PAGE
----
Need for Foreign Language Speakers Grows in FamilySearch
- 122,000 volunteers have indexed nearly 548 million records since 2006.
- The number of records becoming available in various languages has far outpaced the number of indexers who speak those languages.
- Volunteers can easily complete one “batch” of records in half an hour or less.
“More and more of the names we are indexing aren’t English names” —Jim Ericson, product marketing manager for FamilySearch
All over the world, people are searching for their ancestors.
And all over the world, other people are making that search possible.
FamilySearch indexing, introduced online in 2006 and powered by volunteers around the world, is the process of taking physical records (such as those found on microfilm) and entering the information they contain into a searchable, online database.
With 122,000 LDS and non-LDS active indexers having completed 547,978,000 records since it began, FamilySearch indexing has had notable success. However, those who coordinate indexing have a new goal: indexing records in languages other than English.
“More and more of the names we are indexing aren’t English names,” said Jim Ericson, product marketing manager for FamilySearch. “We are trying to get people who speak different languages more involved so we can do a better job with non-English names.”
Although indexing English records continues to grow, it is far surpassed by the growth of international records. Projects are becoming available from a variety of countries as more governments and records custodians become aware of the services provided by FamilySearch, Brother Ericson said.
To begin, FamilySearch employees take records from governments, libraries, and other such sources and create digital copies of them. These copies are then gathered into small groups called “batches,” which are available to volunteers online. Volunteers log into FamilySearch, download a batch, and enter the data they see on the screen. That data is later made available more widely to family history researchers. Each batch is a compilation of work that a volunteer could complete in about 30 minutes, says Katie Gale, Indexing Project Coordinator for FamilySearch.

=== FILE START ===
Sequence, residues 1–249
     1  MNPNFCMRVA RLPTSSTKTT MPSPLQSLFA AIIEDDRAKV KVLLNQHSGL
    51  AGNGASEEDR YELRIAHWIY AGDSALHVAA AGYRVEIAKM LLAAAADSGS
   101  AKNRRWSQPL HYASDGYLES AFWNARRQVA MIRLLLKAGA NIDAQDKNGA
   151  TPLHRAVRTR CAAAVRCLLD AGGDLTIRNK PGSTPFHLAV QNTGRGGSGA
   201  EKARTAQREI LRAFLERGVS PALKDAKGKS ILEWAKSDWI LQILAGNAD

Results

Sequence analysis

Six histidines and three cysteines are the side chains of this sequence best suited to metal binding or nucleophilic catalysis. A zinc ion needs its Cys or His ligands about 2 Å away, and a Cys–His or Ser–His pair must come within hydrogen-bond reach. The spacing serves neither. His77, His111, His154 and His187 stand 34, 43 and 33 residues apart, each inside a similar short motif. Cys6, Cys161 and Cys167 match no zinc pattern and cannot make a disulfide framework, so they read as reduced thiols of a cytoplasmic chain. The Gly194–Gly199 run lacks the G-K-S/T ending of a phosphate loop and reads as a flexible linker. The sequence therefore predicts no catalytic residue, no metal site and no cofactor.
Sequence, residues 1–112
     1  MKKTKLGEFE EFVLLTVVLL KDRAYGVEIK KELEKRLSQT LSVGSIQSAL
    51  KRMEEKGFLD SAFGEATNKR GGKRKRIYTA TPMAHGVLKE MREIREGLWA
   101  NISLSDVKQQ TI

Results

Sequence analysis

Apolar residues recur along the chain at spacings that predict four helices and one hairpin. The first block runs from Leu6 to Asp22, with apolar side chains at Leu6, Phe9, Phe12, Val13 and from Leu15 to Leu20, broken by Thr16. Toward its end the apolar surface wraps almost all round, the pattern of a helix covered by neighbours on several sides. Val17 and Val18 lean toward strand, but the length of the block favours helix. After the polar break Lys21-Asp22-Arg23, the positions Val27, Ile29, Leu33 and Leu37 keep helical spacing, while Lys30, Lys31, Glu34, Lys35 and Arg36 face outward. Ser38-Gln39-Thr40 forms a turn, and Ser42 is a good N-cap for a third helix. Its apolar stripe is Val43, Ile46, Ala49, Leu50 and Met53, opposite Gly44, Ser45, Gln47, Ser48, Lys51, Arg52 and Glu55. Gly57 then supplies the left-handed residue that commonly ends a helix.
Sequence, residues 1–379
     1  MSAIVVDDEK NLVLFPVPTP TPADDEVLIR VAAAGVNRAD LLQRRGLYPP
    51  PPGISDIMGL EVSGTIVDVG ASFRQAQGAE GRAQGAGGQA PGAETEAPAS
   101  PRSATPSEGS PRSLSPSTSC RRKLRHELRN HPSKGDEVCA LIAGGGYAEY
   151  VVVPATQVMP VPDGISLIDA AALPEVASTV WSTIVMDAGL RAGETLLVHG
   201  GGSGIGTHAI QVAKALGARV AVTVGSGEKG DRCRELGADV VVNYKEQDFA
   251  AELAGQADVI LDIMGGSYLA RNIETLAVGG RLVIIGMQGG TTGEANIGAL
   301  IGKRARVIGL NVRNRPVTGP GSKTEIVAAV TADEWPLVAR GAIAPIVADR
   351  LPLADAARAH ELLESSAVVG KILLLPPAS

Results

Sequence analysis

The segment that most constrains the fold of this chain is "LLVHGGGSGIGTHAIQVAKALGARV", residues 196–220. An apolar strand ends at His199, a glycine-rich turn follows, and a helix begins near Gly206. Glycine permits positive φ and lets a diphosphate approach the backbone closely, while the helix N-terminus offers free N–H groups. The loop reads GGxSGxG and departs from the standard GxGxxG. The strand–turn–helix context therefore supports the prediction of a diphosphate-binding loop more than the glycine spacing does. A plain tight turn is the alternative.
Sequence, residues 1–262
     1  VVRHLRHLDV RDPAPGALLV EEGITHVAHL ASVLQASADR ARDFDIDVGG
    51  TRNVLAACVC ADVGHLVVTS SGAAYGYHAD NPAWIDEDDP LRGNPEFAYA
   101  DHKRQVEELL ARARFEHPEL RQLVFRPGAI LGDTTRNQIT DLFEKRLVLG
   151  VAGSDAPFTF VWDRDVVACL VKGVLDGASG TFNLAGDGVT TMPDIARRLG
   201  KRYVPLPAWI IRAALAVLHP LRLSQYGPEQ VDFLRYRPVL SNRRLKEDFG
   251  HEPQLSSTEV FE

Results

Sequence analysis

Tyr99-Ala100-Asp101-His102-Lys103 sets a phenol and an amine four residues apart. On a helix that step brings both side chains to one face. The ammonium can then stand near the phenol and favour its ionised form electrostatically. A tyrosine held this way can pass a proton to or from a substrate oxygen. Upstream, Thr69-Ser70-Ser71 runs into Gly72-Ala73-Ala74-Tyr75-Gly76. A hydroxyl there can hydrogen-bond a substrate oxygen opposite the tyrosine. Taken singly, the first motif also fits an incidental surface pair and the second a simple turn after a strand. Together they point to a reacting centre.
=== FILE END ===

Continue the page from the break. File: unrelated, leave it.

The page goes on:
Volunteers participating in FamilySearch indexing might include people whose native language is not English (the site is currently available in 7 languages, and projects are available in 11), but it could also include people who have language skills from missionary service, school, or other training.
Even if projects aren’t available in a country where you live or served, projects could be available from countries where the same language is spoken.
When the Kyiv Ukraine Temple was being built, Ukrainian Saints participated in an initiative to find and index names to bring to the temple upon its completion. By the time the temple was dedicated, 401 indexers from the Ukraine, Russia, North and South America, and Europe were working on the Kyiv project, and the Saints were able to bring 200,000 Ukrainian names to the temple.
As indexing work grows in an area, FamilySearch personnel who provide indexing batches will identify areas of growth and then, where possible, accelerate the release of projects related to that region.
At the current rate of indexing, it could take some countries up to a decade to have currently released batches completed—thus the need for additional indexers. Many batches in languages other than English average between two and six years to complete.
“If the project goes on and on, it provides no value to anybody,” said Paul Starkey, Indexing Operations Manager for FamilySearch. “The whole purpose of indexing is to provide these records [electronically] so that people can find their ancestors. We try to turn the projects around fairly quickly.”
The Church owns some 2.4 million rolls of microfilm containing genealogical records that are stored in the Granite Mountain Record Vault. These equate to some 15 billion records waiting to be indexed. Countless other physical records exist throughout the world.
“[Finding a name and personal records] is an experience that turns the heart of the researcher to their fathers,” Brother Ericson said. “Members of the Church can use the information that has been indexed to document their ancestors’ lines and provide the saving ordinances of the temple.”
While virtually anyone with access to a computer can participate in the simple task of indexing, its importance shouldn’t be minimized, Gale said. “If people [could] see indexing as the grander vision of family history, they could see the importance of it and the need for more volunteers,” she said.
“We need more people engaged in indexing, Brother Ericson said, “and we are asking people to share this program with their friends and family members, whether or not they are members of the Church. It’s not exclusive to members of the Church. There is a fun interaction when everyone is working on a common goal.”